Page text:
Demand for Information on Environmental Health Risk, Mode of Delivery, and Behavioral Change: Evidence from Sonargaon, Bangladesh
Alessandro Tarozzi (),
Kazi Matin Uddin Ahmed and
Alexander van Geen
No 9194, Policy Research Working Paper Series from The World Bank
Millions of villagers in Bangladesh are exposed to arsenic by drinking contaminated water from private wells. Testing for arsenic can encourage switching from unsafe wells to safer sources. This study describes results from a cluster randomized controlled trial conducted in 112 villages in Bangladesh to evaluate the effectiveness of different test selling schemes at inducing switching from unsafe wells. At a price of about USD0.60, only one in four households purchased a test. Sales were not increased by informal inter-household agreements to share water from wells found to be safe, or by visual reminders of well status in the form of metal placards mounted on the well pump. However, switching away from unsafe wells almost doubled in response to agreements or placards relative to the one in three proportion of households who switched away from an unsafe well with simple individual sales.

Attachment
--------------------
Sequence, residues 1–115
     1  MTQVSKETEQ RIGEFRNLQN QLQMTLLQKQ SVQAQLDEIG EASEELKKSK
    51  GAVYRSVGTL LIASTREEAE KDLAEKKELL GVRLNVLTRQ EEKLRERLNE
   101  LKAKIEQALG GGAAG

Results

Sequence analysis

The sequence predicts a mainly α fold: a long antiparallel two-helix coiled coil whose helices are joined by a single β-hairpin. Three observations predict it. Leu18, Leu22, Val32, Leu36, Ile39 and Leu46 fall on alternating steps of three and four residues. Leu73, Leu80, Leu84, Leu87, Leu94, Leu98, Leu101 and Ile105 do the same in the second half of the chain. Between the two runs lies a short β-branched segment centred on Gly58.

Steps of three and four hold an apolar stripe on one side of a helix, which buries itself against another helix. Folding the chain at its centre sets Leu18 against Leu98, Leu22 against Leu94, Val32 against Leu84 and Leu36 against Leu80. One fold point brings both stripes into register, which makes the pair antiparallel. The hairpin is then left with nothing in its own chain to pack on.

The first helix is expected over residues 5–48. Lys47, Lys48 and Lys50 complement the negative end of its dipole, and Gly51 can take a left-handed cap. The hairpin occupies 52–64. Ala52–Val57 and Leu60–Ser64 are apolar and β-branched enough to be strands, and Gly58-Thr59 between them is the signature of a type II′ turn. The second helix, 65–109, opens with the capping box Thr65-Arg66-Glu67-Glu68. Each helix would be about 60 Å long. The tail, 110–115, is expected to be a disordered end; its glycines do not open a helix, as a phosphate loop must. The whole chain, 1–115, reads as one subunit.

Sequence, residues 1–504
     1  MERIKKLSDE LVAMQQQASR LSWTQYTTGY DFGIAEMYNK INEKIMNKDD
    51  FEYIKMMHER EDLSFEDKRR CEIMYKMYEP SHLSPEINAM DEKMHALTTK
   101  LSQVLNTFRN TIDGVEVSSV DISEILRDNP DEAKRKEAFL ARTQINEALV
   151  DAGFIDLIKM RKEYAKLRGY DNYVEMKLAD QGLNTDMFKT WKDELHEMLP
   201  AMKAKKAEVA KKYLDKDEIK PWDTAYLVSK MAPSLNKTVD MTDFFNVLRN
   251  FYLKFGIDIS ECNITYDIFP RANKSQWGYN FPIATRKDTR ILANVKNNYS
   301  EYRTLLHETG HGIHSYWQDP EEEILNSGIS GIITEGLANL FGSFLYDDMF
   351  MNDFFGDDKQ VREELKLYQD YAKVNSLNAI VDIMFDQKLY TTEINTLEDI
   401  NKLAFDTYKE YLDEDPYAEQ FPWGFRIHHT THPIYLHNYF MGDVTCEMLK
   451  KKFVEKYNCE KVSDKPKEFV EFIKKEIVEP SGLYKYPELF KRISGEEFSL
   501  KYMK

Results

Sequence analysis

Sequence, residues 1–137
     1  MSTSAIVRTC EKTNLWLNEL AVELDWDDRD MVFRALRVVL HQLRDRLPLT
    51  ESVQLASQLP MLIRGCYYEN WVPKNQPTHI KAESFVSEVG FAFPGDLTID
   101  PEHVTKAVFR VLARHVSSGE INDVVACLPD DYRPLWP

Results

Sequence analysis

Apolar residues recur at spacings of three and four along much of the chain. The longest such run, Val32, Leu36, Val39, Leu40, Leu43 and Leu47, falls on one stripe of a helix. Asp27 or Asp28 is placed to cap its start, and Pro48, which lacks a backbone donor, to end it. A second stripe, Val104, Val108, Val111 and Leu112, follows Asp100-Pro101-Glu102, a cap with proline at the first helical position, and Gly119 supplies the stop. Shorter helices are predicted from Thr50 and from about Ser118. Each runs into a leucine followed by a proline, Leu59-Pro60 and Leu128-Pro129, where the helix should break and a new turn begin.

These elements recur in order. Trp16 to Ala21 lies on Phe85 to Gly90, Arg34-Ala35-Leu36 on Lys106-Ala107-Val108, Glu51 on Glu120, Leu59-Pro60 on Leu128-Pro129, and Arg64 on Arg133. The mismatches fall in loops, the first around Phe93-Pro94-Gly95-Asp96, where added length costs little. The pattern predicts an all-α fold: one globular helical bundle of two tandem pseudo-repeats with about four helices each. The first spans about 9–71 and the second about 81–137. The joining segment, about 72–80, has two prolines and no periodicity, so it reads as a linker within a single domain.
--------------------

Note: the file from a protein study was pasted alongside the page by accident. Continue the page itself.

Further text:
Keywords: Hydrology; Health Care Services Industry; Global Environment; Climate Change Mitigation and Green House Gases; Public Health Promotion (search for similar items in EconPapers)
New Economics Papers: this item is included in nep-dev, nep-exp and nep-hea
References: View references in EconPapers View complete reference list from CitEc
Citations: Track citations by RSS feed
Downloads: (external link)
http://documents.worldbank.org/curated/en/46769158 ... rgaon-Bangladesh.pdf (application/pdf)
Working Paper: Demand for Information on Environmental Health Risk, Mode of Delivery, and Behavioral Change: Evidence from Sonargaon, Bangladesh (2018)
This item may be available elsewhere in EconPapers: Search for items with the same title.
Export reference: BibTeX
RIS (EndNote, ProCite, RefMan)
Persistent link: https://EconPapers.repec.org/RePEc:wbk:wbrwps:9194
Access Statistics for this paper
More papers in Policy Research Working Paper Series from The World Bank 1818 H Street, N.W., Washington, DC 20433. Contact information at EDIRC.
Bibliographic data for series maintained by Roula I. Yazigi ().